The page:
Why, after the vote at the European Parliament and the last Council of EU Ministers of agriculture, is CAP reform not already adopted?

The new ordinary procedure under the Lisbon Treaty is applied for the first time for a CAP reform. That is why, following the vote by the European Parliament and the agreement among EU Agriculture Ministers last March the final phase of negotiations on CAP reform started in April, with two trilogues gathering together representatives of the European Commission, Council and European Parliament to negotiate on the direct payment proposal and the single common market organisation (SCM0).

What is a trilogue?

The purpose of the trilogues is to adopt the legislative proposal through these restricted, political discussions during which the European Parliament, the Council and the European Commission negotiate. The Commission has an important role in these meetings. It will be vigilant to safeguard the coherence of the proposals while acting as a facilitator for the co-legislators in order to achieve a balanced and ambitious deal.

When is an agreement foreseen?

In total around 30 trilogue meetings should take place in Brussels or Strasbourg on the four regulations tabled by the European Commission in October 2011 (on direct payments, rural development, market organisation and horizontal aspects), with a view of reaching a political agreement under the Irish presidency, before the end of June 2013.

Who participates to the trilogues?

During the trilogues on the CAP reform, the Council will be represented by the Special Agricultural Committee (SCA) chair of the relevant Council Presidency and his team. The EP negotiating team is to be composed of the chair of the agricultural committee (COMAGRI), the Rapporteur and his shadow rapporteurs. The Commission will be represented by the Director General or the relevant Deputy Director General and his team.

What does it mean in legal terms for the CAP reform process?

The CAP reform legislative package is still in first reading, i.e. the EP and the Council have not yet formally adopted their positions on the Commission’s proposal. This allows to the co-legislators to find compromises on the CAP reform in a timely fashion during these trilogue meetings. Once these compromises are found, the European Parliament and the Council would be in a position to adopt them. Therefore the legislative texts would be adopted in first reading of the co-legislators.

What are the open issues to be discussed in the coming weeks?

The main concepts of the reform proposals such as 30 per cent of greening of direct payments, a fairer distribution of the CAP support between member states, as well as between regions, sectors and farmers, several aspects related to the improvement of the rural development policy and more effective market mechanisms are widely supported by the Council and the European Parliament. Nevertheless, an important work still needs to be done on open issues such as:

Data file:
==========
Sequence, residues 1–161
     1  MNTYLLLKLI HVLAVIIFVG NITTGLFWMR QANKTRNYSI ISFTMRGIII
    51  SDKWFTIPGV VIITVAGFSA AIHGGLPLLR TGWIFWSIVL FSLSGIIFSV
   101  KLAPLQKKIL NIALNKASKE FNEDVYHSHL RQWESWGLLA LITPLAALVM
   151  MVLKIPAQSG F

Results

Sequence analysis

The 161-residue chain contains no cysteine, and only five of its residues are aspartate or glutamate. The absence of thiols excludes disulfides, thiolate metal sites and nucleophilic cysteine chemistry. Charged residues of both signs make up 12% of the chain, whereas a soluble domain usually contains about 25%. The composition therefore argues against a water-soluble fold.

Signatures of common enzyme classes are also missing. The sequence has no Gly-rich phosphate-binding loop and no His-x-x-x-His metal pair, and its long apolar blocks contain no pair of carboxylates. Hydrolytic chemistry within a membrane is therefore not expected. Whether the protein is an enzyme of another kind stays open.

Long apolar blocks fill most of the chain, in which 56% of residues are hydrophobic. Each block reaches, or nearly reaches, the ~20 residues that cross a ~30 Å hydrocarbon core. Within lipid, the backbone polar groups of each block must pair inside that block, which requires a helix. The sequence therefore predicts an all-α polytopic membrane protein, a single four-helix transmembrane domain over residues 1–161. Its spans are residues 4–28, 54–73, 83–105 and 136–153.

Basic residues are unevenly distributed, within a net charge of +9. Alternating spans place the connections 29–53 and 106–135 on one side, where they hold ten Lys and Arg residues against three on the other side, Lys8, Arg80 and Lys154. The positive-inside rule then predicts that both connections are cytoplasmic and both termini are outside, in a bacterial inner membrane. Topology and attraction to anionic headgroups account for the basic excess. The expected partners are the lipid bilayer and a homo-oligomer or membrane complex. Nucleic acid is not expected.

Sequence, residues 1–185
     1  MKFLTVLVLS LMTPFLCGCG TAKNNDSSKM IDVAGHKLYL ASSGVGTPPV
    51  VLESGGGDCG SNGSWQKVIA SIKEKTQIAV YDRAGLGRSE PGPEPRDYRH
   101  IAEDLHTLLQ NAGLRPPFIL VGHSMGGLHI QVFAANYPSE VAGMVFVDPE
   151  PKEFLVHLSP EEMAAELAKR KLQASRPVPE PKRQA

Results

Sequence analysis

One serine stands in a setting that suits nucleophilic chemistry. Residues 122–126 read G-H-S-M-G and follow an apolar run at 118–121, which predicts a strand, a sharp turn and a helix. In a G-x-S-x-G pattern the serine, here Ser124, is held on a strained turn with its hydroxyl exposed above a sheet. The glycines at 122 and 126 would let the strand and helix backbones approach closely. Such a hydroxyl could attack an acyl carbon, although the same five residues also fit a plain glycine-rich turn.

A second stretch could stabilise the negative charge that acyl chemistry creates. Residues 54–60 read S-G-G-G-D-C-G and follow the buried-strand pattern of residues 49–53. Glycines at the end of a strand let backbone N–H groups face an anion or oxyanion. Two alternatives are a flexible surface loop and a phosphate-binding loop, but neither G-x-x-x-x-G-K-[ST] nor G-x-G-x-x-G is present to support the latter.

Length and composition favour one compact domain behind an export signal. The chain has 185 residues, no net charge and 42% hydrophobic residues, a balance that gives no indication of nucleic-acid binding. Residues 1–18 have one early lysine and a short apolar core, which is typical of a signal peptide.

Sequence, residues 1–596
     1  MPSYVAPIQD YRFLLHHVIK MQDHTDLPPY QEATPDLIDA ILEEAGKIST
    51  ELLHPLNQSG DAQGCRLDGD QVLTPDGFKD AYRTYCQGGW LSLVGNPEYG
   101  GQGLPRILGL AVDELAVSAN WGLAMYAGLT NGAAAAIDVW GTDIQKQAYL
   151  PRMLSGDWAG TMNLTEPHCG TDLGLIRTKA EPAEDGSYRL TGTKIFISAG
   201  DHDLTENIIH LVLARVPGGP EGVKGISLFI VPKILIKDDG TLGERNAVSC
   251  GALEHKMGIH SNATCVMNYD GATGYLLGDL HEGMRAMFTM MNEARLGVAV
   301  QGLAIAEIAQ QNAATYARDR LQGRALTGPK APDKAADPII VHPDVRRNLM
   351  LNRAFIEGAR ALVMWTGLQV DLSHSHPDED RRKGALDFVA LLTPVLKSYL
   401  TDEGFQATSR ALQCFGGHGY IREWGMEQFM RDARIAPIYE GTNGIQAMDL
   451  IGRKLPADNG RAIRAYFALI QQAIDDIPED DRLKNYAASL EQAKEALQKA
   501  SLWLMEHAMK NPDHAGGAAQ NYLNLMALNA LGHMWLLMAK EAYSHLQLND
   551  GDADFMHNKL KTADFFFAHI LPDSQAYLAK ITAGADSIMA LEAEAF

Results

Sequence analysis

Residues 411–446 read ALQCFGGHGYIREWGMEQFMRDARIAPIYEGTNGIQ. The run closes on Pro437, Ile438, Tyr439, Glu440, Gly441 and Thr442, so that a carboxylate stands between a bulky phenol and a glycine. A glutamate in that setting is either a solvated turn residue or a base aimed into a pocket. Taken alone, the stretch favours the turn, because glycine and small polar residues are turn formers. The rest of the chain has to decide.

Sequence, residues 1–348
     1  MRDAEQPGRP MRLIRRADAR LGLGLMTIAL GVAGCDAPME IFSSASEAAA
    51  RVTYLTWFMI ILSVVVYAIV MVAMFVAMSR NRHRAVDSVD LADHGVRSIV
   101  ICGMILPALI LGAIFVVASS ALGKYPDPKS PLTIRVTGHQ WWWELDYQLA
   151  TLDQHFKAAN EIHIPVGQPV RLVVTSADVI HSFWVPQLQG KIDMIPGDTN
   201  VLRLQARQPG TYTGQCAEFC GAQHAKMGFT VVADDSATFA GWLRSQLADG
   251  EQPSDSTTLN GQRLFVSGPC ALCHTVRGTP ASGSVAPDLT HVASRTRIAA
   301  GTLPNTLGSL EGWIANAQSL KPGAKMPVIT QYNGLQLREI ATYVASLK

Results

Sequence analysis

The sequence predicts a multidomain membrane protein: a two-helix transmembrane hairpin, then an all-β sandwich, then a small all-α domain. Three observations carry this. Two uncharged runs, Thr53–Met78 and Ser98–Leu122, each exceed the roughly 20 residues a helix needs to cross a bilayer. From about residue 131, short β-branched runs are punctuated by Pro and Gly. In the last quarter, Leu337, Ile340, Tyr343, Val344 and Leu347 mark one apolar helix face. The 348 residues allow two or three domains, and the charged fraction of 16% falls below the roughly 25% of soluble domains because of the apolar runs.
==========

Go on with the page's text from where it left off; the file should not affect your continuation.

• Internal convergence is the level of the rebalancing of the direct payment to farmers within member states. The European Commission strongly supports the idea of setting an absolute minimum for internal convergence to increase the level of payments for the farmers who were the least supported during the last years. Convergence of direct payments should not remain a concept but should become a tangible and ambitious reality by 2019. This is a key element for fairer and better targeted direct payments among farmers that support food security and the provision of public goods.
  • Efficient greening instruments. This change in the CAP is necessary both for the good management of natural resources and for the long-term competitiveness of farmers. The European Commission will be vigilant to ensure that simple and efficient greening measures are to be implemented all over Europe, on a mandatory basis, which means for example a real regime of sanction in case of non-compliance.
  • Additional tools to better target the support: young farmers measures, small farmers scheme and less favoured areas. EU has to be well equipped to maintain and renew the farming sector throughout Europe and support young people starting farming activities. These tools can contribute to achieving these political objectives. That is why, for example, the European Commission will continue to defend its proposal of a mandatory 25 per cent top up support for the direct payment to young farmers during the first five years.
  • Increase transparency.
  • Encouraging producers’ organisations, interbranch associations and short supply chains to improve the competitiveness of these sectors and provide added value for farmers while abandoning certain old mechanisms such as sugar quotas which are not adapted to the new economic challenges, and creating more effective exceptional crisis measures.
  • Capping and degressivity – limiting the Basic Income Support for the largest, most competitive farms. Commission wants a form of degressivity to apply to the Basic Payments (but not the greening payment) above €150 000, with cap at €300 000 (taking labour costs into account) – and this to be compulsory in all Member States. Funds generated would be shifted to Rural Development projects in the same region/Member States. These two instruments are important for targeting public spending in a more efficient manner.

Information courtesy the European Commission media centre